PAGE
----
Today at Berkeley Lab nameplate Berkeley Lab
Friday, April 29, 2005
CALENDAR

Today

8 a.m.
EHS 432
Radiation Protection Lab Safety
Bldg. 51-201

10 a.m.
DUSEL
San Jacinto Site
Henry Sobel, UC Irvine
127 Dwinelle Hall

Noon
Employee Activities Assoc.
Yoga Class with Naomi Hartwig ($10/$12)
Bldg. 70A-3377

Monday

Noon
Employee Activities Assoc.
Yoga Class with Inna Belogolovsky ($10/$12)
Bldg. 70A-3377

4:30 p.m.
Physics Department
Bringing Hearing to the Deaf: Cochlear Implants a Technical and Personal Account
Ian Shipsey, Purdue U.
1 LeConte Hall

CAFETERIA

Morning Editions:
Two Eggs, Biscuits & Gravy
Monday's Breakfast: Breakfast Burrito with Home Fries
Market Carvery: Tuna Noodle Casserole
Fresh Grille: Fish & Chips
Menutainment: Viva El Burrito Chicken or Pork

B'fast: 6:30 a.m. - 9:30 a.m.
Lunch: 11 a.m. - 1:30 p.m.
Full menu


Lab Scientists Help Confirm
Earth’s Energy Imbalance

Scientists have concluded that more energy is being absorbed from the Sun than is emitted back to space, throwing the Earth's energy "out of balance" and warming the globe. The study, which appears in this week's Science Magazine Science Express, was led by NASA’s Jim Hansen and includes scientists from New York’s Columbia University, as well as Tica Novakov and Surabi Menon of Berkeley Lab’s Environmental Energy Technologies Division. The scientists confirmed this energy imbalance by using precise measurements of increasing ocean heat content over the past 10 years. Full story.

Consortium to Legislators:
Fund Bay Nanoscience

The Bay Area Science and Innovation Consortium (BASIC), a regional collective dedicated to advancing Bay Area leadership in science and technology, has written a letter to California members of Congressional appropriations committees seeking their support for nanoscience research "because of its critical importance to the future of the entire state." The letter, signed by BASIC Chairman and IBM Almaden Research Center Director, Robert J. T. Morris, highlights several federal agencies, including the Department of Energy which has requested $18.15 million to complete and begin operations at Berkeley Lab's Molecular Foundry in FY06. Laboratory Director Steve Chu is a member of the BASIC Board of Directors. Go here to read the letter.

ANNOUNCEMENTS


Mini-Med School Series
To Feature Six Classes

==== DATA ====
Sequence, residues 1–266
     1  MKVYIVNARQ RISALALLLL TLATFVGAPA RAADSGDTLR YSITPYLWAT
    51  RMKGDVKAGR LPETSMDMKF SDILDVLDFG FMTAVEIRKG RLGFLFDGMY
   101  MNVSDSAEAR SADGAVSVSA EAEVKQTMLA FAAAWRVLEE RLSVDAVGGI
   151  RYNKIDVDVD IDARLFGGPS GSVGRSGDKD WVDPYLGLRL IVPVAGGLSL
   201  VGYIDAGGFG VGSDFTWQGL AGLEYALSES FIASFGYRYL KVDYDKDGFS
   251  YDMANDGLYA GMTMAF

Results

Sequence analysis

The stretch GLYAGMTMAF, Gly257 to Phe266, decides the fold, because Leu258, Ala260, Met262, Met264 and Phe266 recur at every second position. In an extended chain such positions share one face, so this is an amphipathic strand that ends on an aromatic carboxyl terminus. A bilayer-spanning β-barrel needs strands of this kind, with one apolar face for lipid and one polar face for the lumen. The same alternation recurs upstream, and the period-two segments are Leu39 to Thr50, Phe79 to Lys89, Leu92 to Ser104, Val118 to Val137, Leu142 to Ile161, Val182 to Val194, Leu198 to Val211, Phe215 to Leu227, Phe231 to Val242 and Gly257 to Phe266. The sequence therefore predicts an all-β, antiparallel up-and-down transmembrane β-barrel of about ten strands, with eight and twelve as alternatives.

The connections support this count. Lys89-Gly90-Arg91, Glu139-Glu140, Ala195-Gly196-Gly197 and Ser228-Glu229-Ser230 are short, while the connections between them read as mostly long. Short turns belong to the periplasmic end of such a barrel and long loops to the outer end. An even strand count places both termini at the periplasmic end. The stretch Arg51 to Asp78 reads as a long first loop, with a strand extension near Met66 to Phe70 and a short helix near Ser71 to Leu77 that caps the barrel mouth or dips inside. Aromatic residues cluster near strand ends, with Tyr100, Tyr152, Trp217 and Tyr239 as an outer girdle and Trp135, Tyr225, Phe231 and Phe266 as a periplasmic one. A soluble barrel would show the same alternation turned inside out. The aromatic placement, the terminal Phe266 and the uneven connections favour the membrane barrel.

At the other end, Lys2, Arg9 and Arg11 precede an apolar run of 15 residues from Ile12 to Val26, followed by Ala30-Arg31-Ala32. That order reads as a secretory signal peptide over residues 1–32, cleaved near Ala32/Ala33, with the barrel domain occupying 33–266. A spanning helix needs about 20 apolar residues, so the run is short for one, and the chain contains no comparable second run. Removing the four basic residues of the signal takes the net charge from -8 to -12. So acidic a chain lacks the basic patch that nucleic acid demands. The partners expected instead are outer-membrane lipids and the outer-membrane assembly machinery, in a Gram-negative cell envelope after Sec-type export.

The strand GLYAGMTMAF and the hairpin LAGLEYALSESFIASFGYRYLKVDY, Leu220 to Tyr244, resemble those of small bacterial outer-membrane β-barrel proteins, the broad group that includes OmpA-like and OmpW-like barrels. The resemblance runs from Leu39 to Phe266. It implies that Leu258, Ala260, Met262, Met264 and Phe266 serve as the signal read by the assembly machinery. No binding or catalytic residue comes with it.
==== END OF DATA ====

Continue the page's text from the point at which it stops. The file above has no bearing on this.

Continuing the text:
UCSF has announced six new lectures in its popular Mini-Medical School series, all focusing on the theme “Brainstorms to Breakthroughs: Frontiers of Medicine.” In the series, scientists and teachers describe the latest in health sciences research and how those discoveries may be translated into therapies. Each lecture takes place on Wednesday evening from 7 to 9 p.m. in Cole Hall, 513 Parnassus Ave., beginning May 18. Go here for the complete list of classes.

IN THE NEWS

Immersed boundary simulation
of heart

Software to Simulate
Human Heart
By Andrea Lu

To build one of the most detailed models of the human body ever, it takes some heart. Berkeley Lab researcher Katherine Yelick, who is also a UC Berkeley computer science professor, has brought one of the first steps of that goal to life with software designed to simulate the human heart. In a joint project with mathematicians at the University of New York, Yelick developed a program that models fluid dynamics of the heart, which include mapping blood flow and blood cell coagulation. Such a detailed model could lead to more effective medical aids, such as prosthetics and artificial heart valves. Yelick wrote her program in the computer language Titanium, which she developed along with UC Berkeley professors Paul Hilfinger and Susan Graham, and Lab researcher Phil Collela. For more information about Yelick's work, visit her home page.

PEOPLE

Wuy, left.

Linda Wuy Receives
Office of Science Award

Linda Wuy, formerly of the Earth Sciences Division and now Business Manager for the Chief Financial Officer, was presented with a special award from the Office of Science for her outstanding contributions in coordinating the PI meetings for the Natural and Accelerated Bioremediation Research (NABIR) Program. The award was presented at DOE's Office of Biological and Environmental Research 8th Annual PI meeting in Warrenton, VA, and was attended by more than 170 scientists and DOE program managers. Wuy has organized the meetings and provided program support for NABIR since its inception in 1997. The award was signed by Ray Orbach.

WEATHER
A.M. rain, decreasing later.
High: 64 (17 C).
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Extended Forecast
SECURITY CONDITION
SECON level 3


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